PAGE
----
Corporate Income Tax Burdens Workers

Joseph Kukral, Op/Ed Editor

One of the most controversial elements of the U.S. tax system is the assessment of corporate income tax. The tax is assessed on the economic profits of a corporation at the conclusion of its fiscal year. However, the question of who, exactly, pays this tax is still debated today by economists. Of course, it can be acknowledged that the corporation writes the check to the IRS, but what is unclear is from whom resources are taken to pay for this burdensome tax.

A corporation ought to be recognized for what it actually is: a socially-engineered conduit that creates value for society. As a result of this value creation, many stakeholders in a corporation can enjoy a commensurate return on their labor and capital. Therefore, when a tax is assessed on corporate earnings, the sacrifice is made either by employees or by investors. As any economist knows, only people can bear taxes.

Before the Tax Cuts and Jobs Act was signed into law in December of 2017, a 35 percent statutory rate was levied on U.S. corporations whose taxable income exceeded $10 million. Consider a small corporation whose ability to take deductions and loopholes is limited, thereby subjecting it to the entire tax. The resources needed to pay this burdensome tax must be gleaned either from the share of earnings paid to labor or from the share paid out to investors through dividends. Or worse, it can be paid with the earned capital of the corporation, which simultaneously hurts investors and deprives the corporation of resources needed to invest in new capital assets, thus restraining economic growth. For a small corporation that is growing and thus delivering increasing rates of output, a tax as large as 35 percent is detrimental not only to the corporation in question, but to the entire U.S. economy. If this small corporation represents thousands of other domestic companies, then this tax can potentially erode domestic investment by billions of dollars.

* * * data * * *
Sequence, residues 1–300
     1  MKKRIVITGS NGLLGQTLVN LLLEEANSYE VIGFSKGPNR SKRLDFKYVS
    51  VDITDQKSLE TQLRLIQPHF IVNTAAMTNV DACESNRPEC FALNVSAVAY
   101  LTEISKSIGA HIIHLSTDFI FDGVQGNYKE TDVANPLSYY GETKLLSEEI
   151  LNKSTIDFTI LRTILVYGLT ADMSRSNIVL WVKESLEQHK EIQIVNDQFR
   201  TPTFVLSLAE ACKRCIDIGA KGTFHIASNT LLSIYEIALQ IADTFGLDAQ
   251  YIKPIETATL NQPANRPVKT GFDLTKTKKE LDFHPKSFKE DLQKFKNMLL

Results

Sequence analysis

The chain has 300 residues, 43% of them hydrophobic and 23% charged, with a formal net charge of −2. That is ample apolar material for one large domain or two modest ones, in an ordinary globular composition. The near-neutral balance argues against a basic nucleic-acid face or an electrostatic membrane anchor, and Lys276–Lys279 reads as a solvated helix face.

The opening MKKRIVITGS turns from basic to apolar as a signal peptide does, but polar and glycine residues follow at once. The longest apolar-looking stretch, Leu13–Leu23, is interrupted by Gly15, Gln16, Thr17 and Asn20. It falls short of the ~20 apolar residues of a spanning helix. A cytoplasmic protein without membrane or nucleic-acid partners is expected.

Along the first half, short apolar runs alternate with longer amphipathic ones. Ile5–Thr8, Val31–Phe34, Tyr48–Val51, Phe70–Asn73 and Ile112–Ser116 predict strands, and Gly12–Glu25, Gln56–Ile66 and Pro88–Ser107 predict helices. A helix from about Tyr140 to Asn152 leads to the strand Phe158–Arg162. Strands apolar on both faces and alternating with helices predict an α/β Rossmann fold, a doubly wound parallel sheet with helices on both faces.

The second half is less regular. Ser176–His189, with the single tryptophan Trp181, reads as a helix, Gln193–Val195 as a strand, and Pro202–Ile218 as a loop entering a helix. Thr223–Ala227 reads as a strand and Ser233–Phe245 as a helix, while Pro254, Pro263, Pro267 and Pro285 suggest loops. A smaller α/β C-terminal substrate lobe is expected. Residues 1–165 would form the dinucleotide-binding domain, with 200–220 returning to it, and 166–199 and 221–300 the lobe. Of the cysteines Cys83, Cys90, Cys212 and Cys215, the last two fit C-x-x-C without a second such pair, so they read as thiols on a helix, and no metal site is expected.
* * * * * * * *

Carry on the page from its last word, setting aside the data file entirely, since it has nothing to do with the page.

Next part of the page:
As international investment is becoming more prevalent, the incidence of the tax is shifting to labor, as investors are pulling out their capital from domestic companies and investing it abroad. Essentially, the ability of an investor to escape the tax is far greater than the ability of an employee to quit his or her job and work elsewhere. Thus, employees are almost powerless to defect from the company if they are hit with lower paychecks, whereas investors can easily threaten to divest from the company. As a result, investors remain largely unscathed by the tax.

At one time, investors did bear the burden of the corporate income tax, but that was when investment abroad was unprofitable. Today, prosperous and growing foreign companies that are in lower tax jurisdictions can offer their investors higher returns. These foreign investment opportunities are the reason why investors escape the tax, maintaining their given level of dividends and return, while employees are stuck with falling real wages. If evidence continues to build in support of this realization, then any proponent of a high corporate income tax is really in support of punitively taxing labor.

It is largely evident that corporate investors are typically individuals in the upper 10 percent of the income distribution, whereas laborers are predominantly in the bottom half. Therefore, the conclusion that a high corporate income tax is regressive is not far-fetched, considering that laborers suffer the incidence of the tax and are in the lower half of the income distribution.

This conclusion is what creates the stigma that is attached to being a Progressive. The left desires to lessen income inequality by taxing wealth, but in the process of doing so, it ends up penalizing the very people it is trying to help. The left condemns conservatives for not deferring to the authority of scientists concerning climate change, but commits the same atrocity when not deferring to the authority of legitimate economists whose studies reveal the erroneous nature of their ideology concerning corporate taxation.

Without question, income inequality is a problem that needs to be addressed. However, that does not merit nonsensical thinking that yields impractical or ideological solutions. There are other mechanisms that can be employed to reduce income inequality without destroying economic value in such a sinister and deceptive way.